(1.5 CME) In this conference recording from the 2019 Annual Conference, you will learn:

    State Medicaid programs play a vital role in financing and facilitating access to treatment for substance use disorder for individuals with limited income and resources. In 2014 alone, the federal/state insurance program financed over 20% of all addiction treatment. Across the country, states have worked to transform their Medicaid programs as a response to changes in federal and state laws, and new funding and waiver opportunities. This plenary session will explore a cross section of approaches taken by state Medicaid programs to equip attendees with an understanding of the intersection between state, federal, and insurance policies used to combat the opioid overdose crisis.




    Beth Kidder

    MPP

    Ms. Kidder is the Deputy Secretary for Medicaid at Florida’s Agency for Health Care Administration. She has served in state Medicaid programs for twenty years and has led Florida’s Medicaid program since 2017. Florida Medicaid provides health and long-term care services to almost four million low income Floridians primarily through a managed care delivery system. Ms. Kidder was instrumental in transforming the state’s Medicaid program to a managed care model and reorganizing the state’s business processes to support this change. Her expertise is in managed care, long-term care services, coverage policies, quality improvement, and organizational development. Ms. Kidder holds a Bachelor’s degree from the University of Florida and a Master of Public Policy from Duke University.  

    Jennifer S. Lee

    MD

    Jennifer Lee, MD, serves as the Director of the Department of Medical Assistance Services, the Virginia state Medicaid agency, responsible for overseeing a $10 billion budget and providing health coverage for over 1 million Virginians. Previously she served as Deputy under Secretary for Health for Policy and Services and Senior Advisor to the Secretary at the U.S. Department of Veterans Affairs. There she was responsible for overseeing national policy and leading key initiatives for the Nation’s largest integrated health care system, with over 1,200 sites of care serving more than nine million veterans. From 2014-16, Dr. Lee served as Deputy Secretary of Health and Human Resources for Governor Terry McAuliffe. She helped launch his “A Healthy Virginia” plan to improve access to care for people with mental illness and address the opioid crisis through innovative Medicaid waivers and programs, led the Governor’s bioscience initiative, and spearheaded new employment opportunities for former combat medics and corpsmen. From 2008-11, she served on the Virginia Board of Medicine. Dr. Lee has also served as a White House Fellow, a health policy fellow on the U.S. Senate Health, Education, Labor, and Pensions Committee, and a Policy Research Scholar and Associate Professor at George Washington University. She received her bachelor’s in biophysics and biochemistry from Yale University, her medical degree from Washington University School of Medicine, and completed her residency at Johns Hopkins. She is a board-certified, practicing emergency physician and a fellow of the American College of Emergency Physicians.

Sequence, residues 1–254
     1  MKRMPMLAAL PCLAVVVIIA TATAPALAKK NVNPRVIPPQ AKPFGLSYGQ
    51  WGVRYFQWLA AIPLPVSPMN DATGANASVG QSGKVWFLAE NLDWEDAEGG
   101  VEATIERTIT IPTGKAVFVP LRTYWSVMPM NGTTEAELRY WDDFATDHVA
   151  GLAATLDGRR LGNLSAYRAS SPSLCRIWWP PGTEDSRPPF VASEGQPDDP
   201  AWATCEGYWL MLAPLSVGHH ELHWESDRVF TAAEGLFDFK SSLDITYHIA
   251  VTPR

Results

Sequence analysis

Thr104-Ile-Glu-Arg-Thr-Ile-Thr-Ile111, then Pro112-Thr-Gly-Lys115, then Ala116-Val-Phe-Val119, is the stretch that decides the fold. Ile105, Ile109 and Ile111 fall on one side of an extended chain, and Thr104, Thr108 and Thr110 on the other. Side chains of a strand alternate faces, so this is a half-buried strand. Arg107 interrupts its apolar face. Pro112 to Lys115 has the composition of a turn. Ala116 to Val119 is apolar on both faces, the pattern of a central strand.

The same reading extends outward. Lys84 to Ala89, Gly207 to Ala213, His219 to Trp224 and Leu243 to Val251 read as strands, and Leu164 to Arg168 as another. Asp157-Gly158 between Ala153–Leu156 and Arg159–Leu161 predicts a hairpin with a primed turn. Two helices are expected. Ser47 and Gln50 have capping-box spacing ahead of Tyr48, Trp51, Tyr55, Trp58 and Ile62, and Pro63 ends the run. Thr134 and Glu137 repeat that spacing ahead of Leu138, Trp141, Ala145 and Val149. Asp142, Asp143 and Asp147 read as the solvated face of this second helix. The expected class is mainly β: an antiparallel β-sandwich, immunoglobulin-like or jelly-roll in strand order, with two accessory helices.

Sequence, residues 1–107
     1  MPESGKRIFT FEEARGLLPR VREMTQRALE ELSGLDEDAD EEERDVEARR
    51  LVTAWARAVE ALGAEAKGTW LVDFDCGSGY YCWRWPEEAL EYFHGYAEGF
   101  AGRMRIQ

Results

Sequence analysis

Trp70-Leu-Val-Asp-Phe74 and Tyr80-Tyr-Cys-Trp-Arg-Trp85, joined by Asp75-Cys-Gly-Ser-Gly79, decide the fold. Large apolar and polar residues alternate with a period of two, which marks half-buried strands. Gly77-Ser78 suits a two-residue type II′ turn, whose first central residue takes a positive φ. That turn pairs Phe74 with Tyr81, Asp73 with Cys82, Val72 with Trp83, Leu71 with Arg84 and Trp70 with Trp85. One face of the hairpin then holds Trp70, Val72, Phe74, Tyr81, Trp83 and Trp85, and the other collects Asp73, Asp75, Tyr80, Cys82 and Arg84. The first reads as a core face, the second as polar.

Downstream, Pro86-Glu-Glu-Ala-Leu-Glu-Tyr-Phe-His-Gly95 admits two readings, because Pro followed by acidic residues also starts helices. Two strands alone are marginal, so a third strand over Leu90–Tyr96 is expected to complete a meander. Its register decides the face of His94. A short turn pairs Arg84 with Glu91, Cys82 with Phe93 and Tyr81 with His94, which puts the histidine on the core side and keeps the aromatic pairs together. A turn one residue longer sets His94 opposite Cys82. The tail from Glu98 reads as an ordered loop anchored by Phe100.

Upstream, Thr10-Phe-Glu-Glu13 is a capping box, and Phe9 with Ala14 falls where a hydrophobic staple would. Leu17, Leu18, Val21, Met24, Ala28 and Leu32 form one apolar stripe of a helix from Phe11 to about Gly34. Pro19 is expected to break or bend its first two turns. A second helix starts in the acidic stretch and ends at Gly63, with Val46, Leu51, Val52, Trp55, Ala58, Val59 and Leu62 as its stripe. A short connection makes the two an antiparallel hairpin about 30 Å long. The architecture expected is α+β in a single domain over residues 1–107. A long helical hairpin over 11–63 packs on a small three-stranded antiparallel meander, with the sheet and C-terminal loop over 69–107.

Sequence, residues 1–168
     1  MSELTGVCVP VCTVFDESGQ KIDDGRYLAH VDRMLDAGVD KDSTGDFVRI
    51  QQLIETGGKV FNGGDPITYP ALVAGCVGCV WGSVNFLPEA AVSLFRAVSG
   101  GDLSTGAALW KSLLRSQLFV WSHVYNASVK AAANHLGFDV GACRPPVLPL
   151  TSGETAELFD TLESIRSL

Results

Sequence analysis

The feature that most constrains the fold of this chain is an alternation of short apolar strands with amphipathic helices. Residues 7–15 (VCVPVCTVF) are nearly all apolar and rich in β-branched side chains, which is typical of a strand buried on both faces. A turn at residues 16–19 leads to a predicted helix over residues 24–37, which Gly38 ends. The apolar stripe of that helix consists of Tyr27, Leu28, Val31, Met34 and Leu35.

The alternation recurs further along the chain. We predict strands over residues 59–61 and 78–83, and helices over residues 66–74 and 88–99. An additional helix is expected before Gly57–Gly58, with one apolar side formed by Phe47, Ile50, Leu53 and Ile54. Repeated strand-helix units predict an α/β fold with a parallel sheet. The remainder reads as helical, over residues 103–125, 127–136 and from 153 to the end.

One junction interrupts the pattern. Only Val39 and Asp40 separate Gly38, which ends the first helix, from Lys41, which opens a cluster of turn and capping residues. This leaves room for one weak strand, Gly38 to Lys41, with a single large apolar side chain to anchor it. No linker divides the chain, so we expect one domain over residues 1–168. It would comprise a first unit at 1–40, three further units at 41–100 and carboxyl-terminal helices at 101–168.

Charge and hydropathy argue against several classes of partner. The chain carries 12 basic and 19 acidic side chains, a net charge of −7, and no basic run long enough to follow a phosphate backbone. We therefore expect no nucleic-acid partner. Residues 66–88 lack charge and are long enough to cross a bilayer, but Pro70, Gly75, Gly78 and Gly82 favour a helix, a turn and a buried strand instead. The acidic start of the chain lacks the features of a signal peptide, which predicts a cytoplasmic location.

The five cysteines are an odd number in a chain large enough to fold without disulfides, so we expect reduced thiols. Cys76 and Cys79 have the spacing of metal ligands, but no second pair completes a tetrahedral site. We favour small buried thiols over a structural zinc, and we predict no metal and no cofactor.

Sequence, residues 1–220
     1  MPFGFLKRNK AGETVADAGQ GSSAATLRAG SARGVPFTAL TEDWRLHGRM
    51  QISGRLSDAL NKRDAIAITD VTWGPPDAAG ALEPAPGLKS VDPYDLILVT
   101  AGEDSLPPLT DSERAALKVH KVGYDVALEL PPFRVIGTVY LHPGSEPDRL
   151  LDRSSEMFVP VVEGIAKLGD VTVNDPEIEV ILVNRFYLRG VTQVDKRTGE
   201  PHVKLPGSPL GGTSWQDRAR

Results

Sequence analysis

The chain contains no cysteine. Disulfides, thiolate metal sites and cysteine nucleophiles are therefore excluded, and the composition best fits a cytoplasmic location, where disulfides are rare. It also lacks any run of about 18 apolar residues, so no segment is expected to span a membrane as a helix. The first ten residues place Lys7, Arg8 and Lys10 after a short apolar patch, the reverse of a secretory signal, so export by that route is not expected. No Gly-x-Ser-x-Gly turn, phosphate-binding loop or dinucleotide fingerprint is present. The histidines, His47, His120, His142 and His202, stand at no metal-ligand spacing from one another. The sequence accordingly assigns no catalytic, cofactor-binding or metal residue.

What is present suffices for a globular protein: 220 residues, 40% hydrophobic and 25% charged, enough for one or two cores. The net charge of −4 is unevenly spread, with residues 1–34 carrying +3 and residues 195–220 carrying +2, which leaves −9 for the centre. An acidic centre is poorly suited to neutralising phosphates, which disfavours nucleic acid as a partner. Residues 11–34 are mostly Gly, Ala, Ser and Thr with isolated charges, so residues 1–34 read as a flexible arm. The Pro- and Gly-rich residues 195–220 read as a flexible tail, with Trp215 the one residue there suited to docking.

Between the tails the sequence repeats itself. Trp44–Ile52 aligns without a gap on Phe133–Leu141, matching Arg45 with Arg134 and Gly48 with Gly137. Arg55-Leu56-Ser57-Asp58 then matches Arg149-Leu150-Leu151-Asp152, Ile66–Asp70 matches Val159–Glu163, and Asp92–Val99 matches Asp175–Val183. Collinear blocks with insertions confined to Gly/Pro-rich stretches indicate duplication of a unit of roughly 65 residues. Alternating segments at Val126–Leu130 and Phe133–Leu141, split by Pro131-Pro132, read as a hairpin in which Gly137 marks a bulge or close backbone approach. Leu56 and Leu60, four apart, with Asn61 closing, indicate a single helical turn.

Kimberly Brandt

    JD, MA

    Kimberly Brandt is the Principal Deputy Administrator at the Centers for Medicare and Medicaid Services.

    ACCME Accredited with Commendation

    ACCME Accreditation Statement

    The American Society of Addiction Medicine is accredited by the Accreditation Council for Continuing Medical Education (ACCME) to provide continuing medical education for physicians.

    AMA Credit Designation Statement

    The American Society of Addiction Medicine designates this enduring material for a maximum of 1.5 AMA PRA Category 1 Credit(s).  Physicians should claim only the credit commensurate with the extent of their participation in the activity.

    ABPM Maintenance of Certification (MOC)

    The American Board of Preventive Medicine (ABPM) has approved this activity for a maximum of 1.5 LLSA credits towards ABPM MOC Part II requirements.

    ABAM Transitional Maintenance of Certification (tMOC)

    This course has been approved by the American Board of Addiction Medicine (ABAM). Physicians enrolled in the ABAM Transitional Maintenance of Certification Program (tMOC) can apply a maximum of 1.5 AMA PRA Category 1 Credit(s)™ for completing this course.

    ABIM Maintenance of Certification (MOC)

    Successful completion of this CME activity, which includes participation in the evaluation component, enables the participant to earn 1.5 Medical Knowledge MOC points in the American Board of Internal Medicine’s (ABIM) Maintenance of Certification (MOC) program. Participants will earn MOC points equivalent to the amount of CME credits claimed for the activity. It is the CME activity provider’s responsibility to submit participant completion information to ACCME for the purpose of granting ABIM MOC credit.

  • Leading and Presenting to Large Group Audiences (1 CME)

    Product not yet rated Contains 4 Component(s), Includes Credits

    Earn 1 AMA PRA Category 1 Credit(s)™ while learning how to develop effective interactive and collaborative teaching skills from The ASAM 50th Annual Conference (2019).

    (1 CME) In this conference recording from the 2019 Annual Conference, you will learn: